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Lady Macbeth: Film review

This unnerving tale of oppression, obsession and privilege is a bloody relief after decades of pleasantly boring Downton Abbey-style period dramas.

Lady Macbeth: Film review

Sep 29, 2017 Film & TV

Lady Macbeth: Film review

Lady Macbeth

Directed by William Oldroyd

Opening with the wedding of 17-year-old Katherine to a much older man (she has been sold to him with a small parcel of land), Lady Macbeth is a bloody relief after decades of pleasantly boring Downton Abbey-style period dramas. In Katherine’s first bedroom conversation with her new husband, we see the sparks of a passionate and self-respecting young woman; within minutes, her strong will and ripe-as-a-peach sensuality are cruelly suppressed, and her sole chore seems to be to sit around indoors, trussed up in a corset, waiting to deliver an heir to the household. There’s no piano, no needlepoint, no visiting sisters. The silence is ominous.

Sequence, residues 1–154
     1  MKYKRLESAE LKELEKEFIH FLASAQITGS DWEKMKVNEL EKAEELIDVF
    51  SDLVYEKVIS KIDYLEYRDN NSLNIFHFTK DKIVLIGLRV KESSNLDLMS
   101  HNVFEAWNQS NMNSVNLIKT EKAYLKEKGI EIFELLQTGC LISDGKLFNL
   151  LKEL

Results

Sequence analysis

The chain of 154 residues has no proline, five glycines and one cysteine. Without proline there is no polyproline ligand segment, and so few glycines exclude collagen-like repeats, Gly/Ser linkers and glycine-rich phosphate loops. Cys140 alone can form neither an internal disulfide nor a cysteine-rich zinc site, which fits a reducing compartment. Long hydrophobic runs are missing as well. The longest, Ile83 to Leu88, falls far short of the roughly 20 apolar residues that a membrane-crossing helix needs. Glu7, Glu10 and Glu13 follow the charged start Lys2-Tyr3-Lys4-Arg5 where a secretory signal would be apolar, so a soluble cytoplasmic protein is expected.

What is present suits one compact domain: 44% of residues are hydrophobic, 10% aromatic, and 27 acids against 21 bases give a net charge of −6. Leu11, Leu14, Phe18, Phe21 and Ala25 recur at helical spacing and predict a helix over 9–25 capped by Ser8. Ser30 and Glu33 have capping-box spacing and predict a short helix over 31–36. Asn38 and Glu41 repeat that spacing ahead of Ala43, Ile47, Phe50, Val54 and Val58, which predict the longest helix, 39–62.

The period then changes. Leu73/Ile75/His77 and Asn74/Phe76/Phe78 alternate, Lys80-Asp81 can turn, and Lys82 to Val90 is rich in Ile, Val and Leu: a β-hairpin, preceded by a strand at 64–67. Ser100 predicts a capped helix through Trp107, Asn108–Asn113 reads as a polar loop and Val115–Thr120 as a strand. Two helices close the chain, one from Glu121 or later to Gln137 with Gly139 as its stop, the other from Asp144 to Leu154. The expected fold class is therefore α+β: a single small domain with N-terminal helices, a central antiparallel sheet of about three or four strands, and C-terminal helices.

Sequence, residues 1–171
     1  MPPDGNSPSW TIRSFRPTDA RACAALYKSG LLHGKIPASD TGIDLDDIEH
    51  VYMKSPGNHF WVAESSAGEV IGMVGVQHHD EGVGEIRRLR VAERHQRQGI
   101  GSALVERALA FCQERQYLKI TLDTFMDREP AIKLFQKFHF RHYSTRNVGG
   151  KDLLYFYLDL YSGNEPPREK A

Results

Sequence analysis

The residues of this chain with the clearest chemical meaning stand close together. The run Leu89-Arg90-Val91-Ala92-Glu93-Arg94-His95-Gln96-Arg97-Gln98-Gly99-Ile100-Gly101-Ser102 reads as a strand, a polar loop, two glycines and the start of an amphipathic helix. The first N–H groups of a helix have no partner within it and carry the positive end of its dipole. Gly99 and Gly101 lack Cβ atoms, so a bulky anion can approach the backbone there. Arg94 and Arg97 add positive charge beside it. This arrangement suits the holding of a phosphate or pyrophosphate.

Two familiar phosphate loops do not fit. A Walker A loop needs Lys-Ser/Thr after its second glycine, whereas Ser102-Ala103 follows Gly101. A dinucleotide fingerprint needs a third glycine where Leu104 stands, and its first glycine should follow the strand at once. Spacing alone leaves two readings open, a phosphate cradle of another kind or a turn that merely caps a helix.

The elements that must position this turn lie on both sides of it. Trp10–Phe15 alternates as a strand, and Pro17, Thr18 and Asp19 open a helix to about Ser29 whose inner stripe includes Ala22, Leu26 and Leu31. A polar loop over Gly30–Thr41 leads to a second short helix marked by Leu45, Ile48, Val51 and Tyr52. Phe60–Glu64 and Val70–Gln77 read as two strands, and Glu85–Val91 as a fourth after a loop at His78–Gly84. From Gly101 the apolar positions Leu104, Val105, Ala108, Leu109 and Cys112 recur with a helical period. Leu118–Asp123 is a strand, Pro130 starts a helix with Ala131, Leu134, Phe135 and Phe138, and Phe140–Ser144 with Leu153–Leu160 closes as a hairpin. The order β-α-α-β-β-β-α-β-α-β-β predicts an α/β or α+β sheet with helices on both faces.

When her husband and father-in-law go away for an extended period, Katherine goes exploring, ending up at the stables, where some weird hanky-panky is going down. One thing leads to another and soon hunky-yet-dim estate worker Sebastian (he puts the “thick” in Gothic horror) is in her room trying to rape her, until she lunges lustily at him, which is all very distasteful, but not nearly as bad as what’s to come.

This unnerving tale of oppression, obsession and privilege, adapted from the Nikolai Leskov novel Lady Macbeth of the Mtsensk District, is sparingly directed in a stylish debut by William Oldroyd. His master stroke is the casting of Florence Pugh as Katherine, with a particular nod to costume designer Holly Waddington for the chillingly extravagant blue dress Katherine wears, a material prison for her lush young skin.

Lady Macbeth holds back on the soundtrack, too, so that we may take our time figuring out what to feel. And what we might feel is complicated. Even while we may cheer for her as she devises ways to subvert her circumstances, we reel in horror at what it means for those around Katherine: her black maid, her lower-class lover, a visiting child. Intersectional feminism, this ain’t. The freedom of a white woman always comes at somebody else’s cost. 

Opens September 28



This is published in the September- October 2017 issue of Metro.


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